In the month before surgery, be sure to eat well. The body needs protein for healing. Choose good sources of protein with each meal. This includes: 

  • Lean meats 
  • Fish 
  • Eggs 
  • Peanut butter 
  • Yogurt, cheese 
  • Protein supplements (Ensure, Boost, Carnation Instant Breakfast, or other protein powders/drinks) 

Walking after surgery is very important. Anesthesia and narcotic pain medication slow the bowel. Walking helps stimulate the bowel to function. It also reduces the risk of developing blood clots in the legs. It is a good idea to be conditioned to walk prior to surgery. A good goal is to walk 20 minutes at least 3 times a week. If 20 minutes is too much, consider 2 ten-minute walks. Walking also increases your metabolism and helps to speed the healing process.  

If you live alone, shop the week prior to surgery. Plan easy-to-fix meals. Plan for drinking plenty of fluids. This will help with constipation and keep you hydrated after surgery.  

Plan for a ride to and from the hospital. You will not be driving for 1-2 weeks (depending on the type of surgery you have). Remember 2 things: 

  1. No driving while taking narcotic pain medication. You will need to be off them for 24 hours prior to driving. 
  2. You need to be able to react in an emergency situation and be able to turn to look at your blind spots while driving.  

It is a good idea to have over-the-counter (OTC) bowel regimen products available in case you need help with constipation. MiraLAX is an excellent choice for a stool softener. Some need fiber.  

OTC analgesics are good to have available. Consider acetaminophen and Advil or Motrin (ibuprofen).  

 

The day before surgery 

Eat light. Some doctors want you to do a bowel prep (cleansing) the day before. Follow the doctor’s instructions for this. If your surgery is in the morning, you may be asked to hold fluids after midnight.  

On the day of surgery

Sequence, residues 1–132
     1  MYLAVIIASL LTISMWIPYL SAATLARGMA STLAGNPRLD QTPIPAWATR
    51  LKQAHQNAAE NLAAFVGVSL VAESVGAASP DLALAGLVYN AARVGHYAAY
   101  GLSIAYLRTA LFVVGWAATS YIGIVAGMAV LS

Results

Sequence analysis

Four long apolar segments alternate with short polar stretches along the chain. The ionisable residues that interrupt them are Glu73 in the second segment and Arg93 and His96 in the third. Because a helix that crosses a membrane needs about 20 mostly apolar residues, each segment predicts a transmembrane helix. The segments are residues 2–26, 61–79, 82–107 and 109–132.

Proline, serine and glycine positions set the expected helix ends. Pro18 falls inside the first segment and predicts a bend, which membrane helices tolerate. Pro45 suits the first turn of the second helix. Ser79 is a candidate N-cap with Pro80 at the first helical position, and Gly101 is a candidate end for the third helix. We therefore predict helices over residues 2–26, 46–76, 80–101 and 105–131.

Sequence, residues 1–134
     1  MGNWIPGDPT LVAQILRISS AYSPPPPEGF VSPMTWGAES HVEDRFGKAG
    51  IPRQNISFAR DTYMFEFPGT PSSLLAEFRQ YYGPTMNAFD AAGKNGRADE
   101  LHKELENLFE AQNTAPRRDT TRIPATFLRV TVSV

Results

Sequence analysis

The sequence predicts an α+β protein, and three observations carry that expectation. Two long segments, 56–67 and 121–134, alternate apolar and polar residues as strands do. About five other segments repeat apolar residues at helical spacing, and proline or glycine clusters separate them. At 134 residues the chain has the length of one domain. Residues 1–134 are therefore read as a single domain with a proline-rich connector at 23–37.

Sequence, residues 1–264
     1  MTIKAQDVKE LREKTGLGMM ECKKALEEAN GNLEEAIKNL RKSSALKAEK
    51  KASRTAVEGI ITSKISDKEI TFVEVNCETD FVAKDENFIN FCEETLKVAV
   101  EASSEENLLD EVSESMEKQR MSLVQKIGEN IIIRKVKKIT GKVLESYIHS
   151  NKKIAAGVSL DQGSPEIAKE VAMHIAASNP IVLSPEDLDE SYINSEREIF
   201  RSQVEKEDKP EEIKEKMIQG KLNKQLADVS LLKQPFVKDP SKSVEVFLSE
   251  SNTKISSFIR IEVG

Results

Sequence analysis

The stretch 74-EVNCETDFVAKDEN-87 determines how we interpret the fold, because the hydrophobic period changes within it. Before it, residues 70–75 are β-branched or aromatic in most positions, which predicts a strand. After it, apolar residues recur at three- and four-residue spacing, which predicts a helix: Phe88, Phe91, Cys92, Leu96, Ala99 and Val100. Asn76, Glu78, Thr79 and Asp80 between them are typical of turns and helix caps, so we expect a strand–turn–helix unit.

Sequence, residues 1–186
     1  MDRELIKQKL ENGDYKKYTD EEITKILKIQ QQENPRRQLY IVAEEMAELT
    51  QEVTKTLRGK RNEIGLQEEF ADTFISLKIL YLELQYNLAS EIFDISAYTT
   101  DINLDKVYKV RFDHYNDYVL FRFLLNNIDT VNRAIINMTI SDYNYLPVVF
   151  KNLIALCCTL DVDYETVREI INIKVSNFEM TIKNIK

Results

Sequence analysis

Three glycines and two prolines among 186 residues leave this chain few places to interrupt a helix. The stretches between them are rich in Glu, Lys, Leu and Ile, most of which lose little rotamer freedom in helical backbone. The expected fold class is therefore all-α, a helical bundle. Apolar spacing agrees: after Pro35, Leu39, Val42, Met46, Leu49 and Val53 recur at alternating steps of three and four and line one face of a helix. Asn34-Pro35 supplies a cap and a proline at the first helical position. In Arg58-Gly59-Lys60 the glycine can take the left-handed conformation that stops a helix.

Nothing to eat or drink. Wear loose, comfortable clothing to the hospital. You will most likely be wearing these clothes home after surgery. Your belly may be tender and bloated afterward.  

Do not wear any make-up or jewelry. No contact lenses. No dentures. You can wear dentures and eyeglasses to the hospital, but you will be required to remove them prior. Your doctor will see you in the office for a post-operative appt about 10-14 days after your procedure.  

Should you have any questions or concerns about your recovery, do not hesitate to call your doctor.  

 

Disclaimer: All content found on our website, including images, videos, infographics, and text were created solely for informational purposes. Our reviewed content should never be used for the purpose of diagnosis or treatment of any medical conditions. Content shared on our websites is not meant to be used as a substitute for advice from a certified medical professional. Reliance on the information provided on our website as a basis for patient treatment is solely at your own risk. We urge all our customers to always consult a physician or a certified medical professional before trying or using a new medical product.

 


HPFY Christine Kijek

Christine Kijek

LinkedIn Profile

Christine Kijek is a colorectal nurse at Danbury Hospital in Danbury, CT. She has a wealth of knowledge in this field as well as personal experience. HPFY is thrilled that she has been ...